Study suggests face blindness affects more people than previously thought

Study suggests face blindness affects more people than previously thought

You find it easy to recognize a food, a place, even a place you may have been to once or twice, yet you have difficulty distinguishing faces, as they appear ‘blurred’ with no distinguishing features, making them virtually the same. Or perhaps you are not able to perceive features that differentiate them, but, nevertheless, you are able to recognize expressions that define moods such as joy, sadness or anger.

It could be prosopagnosia or face blindness, a puzzling disorder that can make us believe we recognize people we have never seen or cause us not to recognize those we do know, and is estimated to affect between 2 and 2.5% of the world’s population.

Now, a study by researchers at Harvard Medical School at the VA Boston Healthcare System (United States) suggests that face blindness may be more common than previously thought. The findings of the study, published in the scientific journal. Cortexindicate that up to one in 33 people (3%) may meet the criteria for face blindness. or prosopagnosia. This translates to more than 10 million Americans, according to the research team.

The study found similar performance in face matching between people diagnosed with prosopagnosia with more stringent and less stringent criteria, suggesting that diagnostic criteria should be expanded to be more inclusive. This could lead to new diagnoses among millions of people who may have the disorder without knowing it.

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The investigators found that face blindness sits on a spectrum (which can vary in severity and presentation) rather than representing a discrete group. The authors also offer diagnostic suggestions for identifying mild and severe forms of prosopagnosia based on the guidelines for severe and mild neurocognitive disorders in DSM5, the 5th edition of the Diagnostic and Statistical Manual of Mental Disorders.

This neurological disorder in severe cases can result in not recognizing one’s own face. Experts stress that it is not a problem related to memory dysfunction, memory loss, vision problems or learning disabilities. It is believed that the disorder is the result of congenital influence, damage or impairment. in a brain fold that appears to coordinate the neural systems controlling facial perception and memory (right fusiform gyrus).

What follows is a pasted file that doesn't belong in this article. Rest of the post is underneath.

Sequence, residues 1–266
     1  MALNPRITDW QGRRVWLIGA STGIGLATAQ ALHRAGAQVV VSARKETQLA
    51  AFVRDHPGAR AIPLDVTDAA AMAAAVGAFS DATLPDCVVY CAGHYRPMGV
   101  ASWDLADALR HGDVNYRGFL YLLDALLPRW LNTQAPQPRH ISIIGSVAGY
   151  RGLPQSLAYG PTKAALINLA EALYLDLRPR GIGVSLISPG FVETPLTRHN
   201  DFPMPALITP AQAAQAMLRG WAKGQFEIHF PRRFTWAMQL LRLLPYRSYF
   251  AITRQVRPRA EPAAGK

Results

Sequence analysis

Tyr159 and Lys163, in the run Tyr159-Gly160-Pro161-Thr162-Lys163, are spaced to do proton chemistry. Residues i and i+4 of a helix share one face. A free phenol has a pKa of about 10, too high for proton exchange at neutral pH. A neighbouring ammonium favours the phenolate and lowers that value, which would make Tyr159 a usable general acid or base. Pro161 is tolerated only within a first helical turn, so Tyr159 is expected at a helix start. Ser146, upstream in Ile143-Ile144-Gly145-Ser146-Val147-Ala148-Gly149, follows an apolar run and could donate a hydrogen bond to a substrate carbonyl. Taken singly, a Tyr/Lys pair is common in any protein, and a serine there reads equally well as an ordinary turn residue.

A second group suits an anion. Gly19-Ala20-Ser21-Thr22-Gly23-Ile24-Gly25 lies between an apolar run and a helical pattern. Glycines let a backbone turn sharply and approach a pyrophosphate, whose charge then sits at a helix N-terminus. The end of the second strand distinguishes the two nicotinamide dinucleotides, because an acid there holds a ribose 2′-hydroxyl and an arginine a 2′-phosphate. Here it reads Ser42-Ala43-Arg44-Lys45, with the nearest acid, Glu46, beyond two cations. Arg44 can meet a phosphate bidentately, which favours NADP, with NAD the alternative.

Prosopagnosia can result from stroke, traumatic brain injury (TBI), or certain neurodegenerative diseases. Some cases are congenital or present at birth, in the absence of brain damage. Congenital prosopagnosia appears to run in families, making it likely to be the result of a genetic mutation or deletion.

In addition, as highlighted from the U.S. National Institutes of Health, some degree of prosopagnosia is often present in. children with autism and Asperger syndrome. and may be the cause of poor social development.

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Mild cases improve with cognitive training.

The results of the study are based on a web-based questionnaire and tests administered to 3,341 people. First, the researchers asked the participants whether they had difficulties in recognizing faces in their everyday life.a. They then took two objective tests to determine whether they had difficulty learning new faces or recognizing well-known famous faces.

The results showed that 31 individuals of the 3,341 had severe prosopagnosia, while 72 of the 3,341 had a milder form. The researchers also observed that there were no clearly divided groups of people with a poor or good ability to recognize faces. On the contrary, the ability to recognize faces seemed to lie on a continuum.

Objective tests of face blindness may help in taking measures to reduce its negative impact

Finally, the researchers compared face-matching scores among people with prosopagnosia diagnosed according to different criteria and found that the use of stricter diagnostic cut-offs did not correspond with lower face-matching scores.

The study’s lead author, Joseph DeGutis, notes that the research “is important on several levels.” “First, broadening the diagnosis is important because knowing that you have real objective evidence of face blindness, even in a mild form, can help you take steps to reduce its negative impact on daily life, such as telling consistent coworkers or seeking treatment,” he has detailed.

Recent studies have shown that people with milder forms of face blindness may benefit more from certain treatments than people with more severe forms of the condition. These treatments might include cognitive training to improve perceptual abilities or training aimed directly at improving facial associations.

Finally, factors such as age-related cognitive impairment and social anxiety may further worsen face recognition abilities.. Knowing whether one has mild face blindness may help to be aware of future age- or situation-related declines in face recognition ability.

Kayleigh Williams